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Community chalk art event advocates for reducing Grand Rapids Police budget

Organizers said the event was in response to Tuesday's city commission meeting, in which a proposal to lower the budget was not voted on.

GRAND RAPIDS, Mich. — Saturday afternoon, children, families and members of the Grand Rapids community gathered at Calder Plaza to draw messages in chalk about reducing the funding of the police department. 

"We wanted to have a way to engage families and kids in the work of really knowing what defund the GRPD means and also think about ways that families want this community to look," said Danah Montgomery, one of the organizers of the event. 

The call to defund police, or reduce funding and reinvest in other community services, is being headed up by a group called People's Budget GR. Their main focus is bringing the police budget down to the legal minimum of 32% of the city's general operating fund. Currently, GRPD's funding is about 38.6% of this fund. This equates about a $9 million cut.

Montgomery said Saturday's chalk event, which took place in front of city hall, was in response a city commission meeting this week in which a motion to lower the budget to the city charter minimum was halted by the city attorney. Second Commissioner Milinda Ysasi brought the motion in a morning meeting and it was backed by Second Ward Commissioner Joe Jones, before it was withdrawn with plans for it to be voted on in the evening commission meeting.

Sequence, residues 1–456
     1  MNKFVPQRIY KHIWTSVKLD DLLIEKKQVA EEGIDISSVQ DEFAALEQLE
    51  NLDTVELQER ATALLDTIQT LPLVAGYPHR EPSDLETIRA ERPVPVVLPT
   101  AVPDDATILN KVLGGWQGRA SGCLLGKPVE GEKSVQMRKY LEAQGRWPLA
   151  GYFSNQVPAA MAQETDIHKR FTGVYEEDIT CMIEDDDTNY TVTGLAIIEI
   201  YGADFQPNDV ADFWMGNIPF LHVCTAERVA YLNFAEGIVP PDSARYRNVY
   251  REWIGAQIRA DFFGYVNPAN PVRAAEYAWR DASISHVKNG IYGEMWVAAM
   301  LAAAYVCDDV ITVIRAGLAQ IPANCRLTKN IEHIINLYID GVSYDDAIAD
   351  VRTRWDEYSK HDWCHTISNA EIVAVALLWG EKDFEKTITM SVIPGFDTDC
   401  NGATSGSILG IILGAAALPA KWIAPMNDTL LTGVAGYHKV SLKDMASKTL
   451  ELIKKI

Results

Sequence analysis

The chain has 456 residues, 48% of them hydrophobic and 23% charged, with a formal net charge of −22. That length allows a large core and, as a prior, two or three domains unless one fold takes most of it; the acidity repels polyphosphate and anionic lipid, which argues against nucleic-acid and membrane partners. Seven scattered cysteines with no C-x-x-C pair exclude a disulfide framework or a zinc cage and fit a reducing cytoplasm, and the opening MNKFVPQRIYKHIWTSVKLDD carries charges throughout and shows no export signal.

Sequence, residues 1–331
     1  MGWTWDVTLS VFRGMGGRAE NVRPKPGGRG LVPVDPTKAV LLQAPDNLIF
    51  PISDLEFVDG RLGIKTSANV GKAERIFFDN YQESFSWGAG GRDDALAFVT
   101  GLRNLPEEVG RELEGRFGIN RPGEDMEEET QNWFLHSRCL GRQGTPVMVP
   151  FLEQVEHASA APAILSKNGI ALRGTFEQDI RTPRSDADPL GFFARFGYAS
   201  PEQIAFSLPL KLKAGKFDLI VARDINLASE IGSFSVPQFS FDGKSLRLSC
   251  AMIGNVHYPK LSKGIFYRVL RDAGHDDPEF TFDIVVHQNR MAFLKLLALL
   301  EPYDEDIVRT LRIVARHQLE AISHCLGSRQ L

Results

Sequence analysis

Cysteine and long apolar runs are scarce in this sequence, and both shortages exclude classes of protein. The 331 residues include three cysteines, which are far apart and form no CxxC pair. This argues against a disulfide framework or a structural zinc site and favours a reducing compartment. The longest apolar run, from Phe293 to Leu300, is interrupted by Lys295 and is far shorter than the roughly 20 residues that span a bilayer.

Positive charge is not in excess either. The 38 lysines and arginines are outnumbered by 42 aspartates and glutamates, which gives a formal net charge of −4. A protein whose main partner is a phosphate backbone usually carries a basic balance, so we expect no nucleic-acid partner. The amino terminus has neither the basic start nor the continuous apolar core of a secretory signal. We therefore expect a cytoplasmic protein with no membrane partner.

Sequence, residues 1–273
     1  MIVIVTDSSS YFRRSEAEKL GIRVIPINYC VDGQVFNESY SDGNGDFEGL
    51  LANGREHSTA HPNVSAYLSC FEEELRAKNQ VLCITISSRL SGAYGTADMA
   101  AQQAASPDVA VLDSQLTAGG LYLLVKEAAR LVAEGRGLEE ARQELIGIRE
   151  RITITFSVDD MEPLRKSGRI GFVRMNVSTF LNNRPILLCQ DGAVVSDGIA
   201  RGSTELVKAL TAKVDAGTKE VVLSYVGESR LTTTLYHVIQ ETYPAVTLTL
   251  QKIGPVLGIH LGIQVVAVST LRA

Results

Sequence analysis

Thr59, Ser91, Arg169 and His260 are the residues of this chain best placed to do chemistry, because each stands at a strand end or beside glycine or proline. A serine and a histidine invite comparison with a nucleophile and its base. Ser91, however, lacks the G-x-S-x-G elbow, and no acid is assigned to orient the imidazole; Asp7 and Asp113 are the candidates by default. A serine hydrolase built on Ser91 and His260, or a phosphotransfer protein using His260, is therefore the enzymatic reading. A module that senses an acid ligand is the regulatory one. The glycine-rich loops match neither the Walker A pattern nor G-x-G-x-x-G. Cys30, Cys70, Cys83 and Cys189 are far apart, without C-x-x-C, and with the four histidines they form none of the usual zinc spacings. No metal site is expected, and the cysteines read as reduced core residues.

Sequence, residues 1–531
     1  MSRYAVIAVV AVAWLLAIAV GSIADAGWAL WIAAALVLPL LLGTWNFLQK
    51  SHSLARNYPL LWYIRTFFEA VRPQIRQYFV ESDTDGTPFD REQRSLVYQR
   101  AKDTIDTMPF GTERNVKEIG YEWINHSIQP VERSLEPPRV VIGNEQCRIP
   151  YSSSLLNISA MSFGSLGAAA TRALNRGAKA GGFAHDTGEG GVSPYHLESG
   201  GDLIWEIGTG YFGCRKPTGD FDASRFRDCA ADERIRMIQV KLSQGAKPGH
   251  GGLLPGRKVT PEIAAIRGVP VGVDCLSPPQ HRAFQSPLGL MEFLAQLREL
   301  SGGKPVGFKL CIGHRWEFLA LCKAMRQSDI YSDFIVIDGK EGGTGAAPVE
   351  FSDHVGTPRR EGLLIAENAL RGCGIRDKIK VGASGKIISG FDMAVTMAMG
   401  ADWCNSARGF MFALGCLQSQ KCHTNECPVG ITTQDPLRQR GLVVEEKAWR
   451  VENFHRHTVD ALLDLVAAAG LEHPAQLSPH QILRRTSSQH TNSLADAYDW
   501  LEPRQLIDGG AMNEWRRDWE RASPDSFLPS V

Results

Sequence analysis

"I really think it was a disservice to the community," said Montgomery about the city commission not being able to vote on the motion. 

Credit: WZZM/Rose White

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Tuesday's city commission last nearly six and half hours, with much of the night being dominated by public comment. Nearly everyone who called in shared an opinion on police funding, with about half calling for budget reductions and half advocating for the budget to remain at its current levels. 

City Attorney Anita Hitchcock told the commissioners shortly before the meeting that they did not have the authority to "unilaterally" amend the 2021 approved budget.

"Wanting to put on the pressure a little but more and let city officials know that we're still here. The community is still here, and we're not happy about this," said Montgomery. 

Eleanor Moreno, who also helped organize the chalk event, said she wanted the commissioners to be out in the community more to hear their perspective. 

"They need to come out here and talk to the people, not the business leaders, not those kind of, continued elevated voices," she said. 

At Tuesday's meeting, the commission did approve a $400,000 shift in funding from the police budget to go toward three new civilian positions, including one in the Oversight and Public Accountability office. Asja Saintard says that's not enough.

"That's nothing. What is that going to do for our communities? That's nothing," she said. 

Saintard, Montgomery and Moreno all said they would like to see the police funding reduced and that money to go toward community services, like housing, education and mental health. 

About two dozen people attended the chalk event, writing messages like "Defund GRPD, reinvest in communities," "All power to the people," and "Community first." Some people also drew pictures. 

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